What would you like said at your funeral? That you’re a great person? Or you knew a great God? That you achieved a lot? Or God used you, and through you, He achieved a lot for eternity?

What kind of legacy will you leave? Will it be that you built stuff, made money, became famous, or had a bunch of kids and grandkids? What validates the fact that you lived? In the terminology of Scripture, what will be the “fruit” that lasts from your life—beyond your life?

In 2 Corinthians 3:1-6, Paul reflects on this central issue: What really matters—fruit that really lasts and makes a difference, in the big picture of life?

Paul says the only thing that matters and lasts is the lives you touched for eternity. It’s all about how God, and only God, can use you to make an eternal difference in the lives of others. Paul says, “It’s a letter of recommendation, written by God Himself” (verse 4). It’s not a long, complicated document with pages of legal footnotes, the tedious overload that “kills your spirit” (verse 6). It’s God’s Holy Spirit working through you to change the eternal destiny of others.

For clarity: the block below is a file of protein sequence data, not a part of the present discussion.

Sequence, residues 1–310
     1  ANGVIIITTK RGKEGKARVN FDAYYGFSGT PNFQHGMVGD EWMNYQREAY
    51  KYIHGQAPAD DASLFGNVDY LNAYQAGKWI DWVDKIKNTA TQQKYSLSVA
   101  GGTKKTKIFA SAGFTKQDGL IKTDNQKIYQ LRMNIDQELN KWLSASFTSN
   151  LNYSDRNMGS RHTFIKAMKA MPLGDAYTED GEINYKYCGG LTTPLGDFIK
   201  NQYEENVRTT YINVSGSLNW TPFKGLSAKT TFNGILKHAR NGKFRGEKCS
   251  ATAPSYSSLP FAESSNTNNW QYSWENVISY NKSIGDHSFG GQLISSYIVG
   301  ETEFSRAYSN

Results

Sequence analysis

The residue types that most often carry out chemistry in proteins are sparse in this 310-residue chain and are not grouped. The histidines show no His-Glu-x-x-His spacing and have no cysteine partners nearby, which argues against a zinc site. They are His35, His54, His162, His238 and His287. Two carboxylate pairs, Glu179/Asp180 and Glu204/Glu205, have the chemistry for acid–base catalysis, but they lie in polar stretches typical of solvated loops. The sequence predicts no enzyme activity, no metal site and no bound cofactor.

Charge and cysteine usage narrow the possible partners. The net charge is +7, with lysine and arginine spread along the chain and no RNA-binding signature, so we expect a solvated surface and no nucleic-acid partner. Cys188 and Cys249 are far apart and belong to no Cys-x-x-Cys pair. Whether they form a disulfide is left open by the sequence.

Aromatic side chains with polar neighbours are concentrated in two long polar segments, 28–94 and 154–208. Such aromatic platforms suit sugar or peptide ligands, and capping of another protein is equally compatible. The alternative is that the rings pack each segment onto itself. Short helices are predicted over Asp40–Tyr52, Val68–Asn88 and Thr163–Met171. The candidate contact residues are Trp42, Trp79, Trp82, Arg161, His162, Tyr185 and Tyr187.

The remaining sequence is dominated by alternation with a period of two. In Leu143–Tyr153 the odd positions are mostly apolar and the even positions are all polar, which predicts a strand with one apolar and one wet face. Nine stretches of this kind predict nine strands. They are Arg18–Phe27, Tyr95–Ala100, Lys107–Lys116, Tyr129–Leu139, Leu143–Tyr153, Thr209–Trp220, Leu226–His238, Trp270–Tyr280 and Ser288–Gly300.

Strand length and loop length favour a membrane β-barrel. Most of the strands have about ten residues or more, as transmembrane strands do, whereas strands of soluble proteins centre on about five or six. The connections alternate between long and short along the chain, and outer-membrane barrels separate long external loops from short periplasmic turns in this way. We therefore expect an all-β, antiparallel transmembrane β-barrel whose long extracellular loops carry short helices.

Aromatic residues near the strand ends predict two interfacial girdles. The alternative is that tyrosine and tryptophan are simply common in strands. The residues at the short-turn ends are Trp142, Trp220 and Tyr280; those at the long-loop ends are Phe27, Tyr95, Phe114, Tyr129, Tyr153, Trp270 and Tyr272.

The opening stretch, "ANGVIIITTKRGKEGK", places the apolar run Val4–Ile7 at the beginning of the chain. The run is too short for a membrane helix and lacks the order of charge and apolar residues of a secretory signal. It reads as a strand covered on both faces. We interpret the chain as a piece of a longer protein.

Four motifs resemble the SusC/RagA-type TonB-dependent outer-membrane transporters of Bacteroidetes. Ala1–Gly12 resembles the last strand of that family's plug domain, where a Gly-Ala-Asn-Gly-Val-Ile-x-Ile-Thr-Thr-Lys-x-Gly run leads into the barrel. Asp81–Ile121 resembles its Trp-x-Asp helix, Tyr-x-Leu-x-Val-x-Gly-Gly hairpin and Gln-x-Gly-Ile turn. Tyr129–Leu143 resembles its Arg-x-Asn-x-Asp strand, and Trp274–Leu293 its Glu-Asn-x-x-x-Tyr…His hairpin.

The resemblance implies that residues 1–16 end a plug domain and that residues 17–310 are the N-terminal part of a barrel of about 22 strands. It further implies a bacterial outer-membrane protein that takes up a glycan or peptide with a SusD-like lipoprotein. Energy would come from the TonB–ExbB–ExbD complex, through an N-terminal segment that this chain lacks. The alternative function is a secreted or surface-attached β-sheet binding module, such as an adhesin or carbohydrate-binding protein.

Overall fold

I think about all the theological jargon I had to learn at seminary. Yet no one showed me or told me how you’re used by the Holy Spirit to change lives for eternity. That’s a tragedy. I think it’s a spiritual travesty.

So many churches have people involved in so much activity that has no eternal significance. People hear so many sermons focused on repeating the same doctrinal details Christians have heard forever. People sit there, spiritually constipated. Most aren’t discipled to share Christ, even if they wanted to. Heck, most don’t know how to pray in public—or at least they think so. No wonder churches are failing!

You can get lots of Christians involved to launch the Christmas bazaar, or a bake sale or rummage sale. But to make an eternal difference in the life of a friend? Not so much.
So many have lost divine focus and replaced it with mountains of busyness that, as Paul says, “kills your spirit.”

What will God say about you at your funeral?

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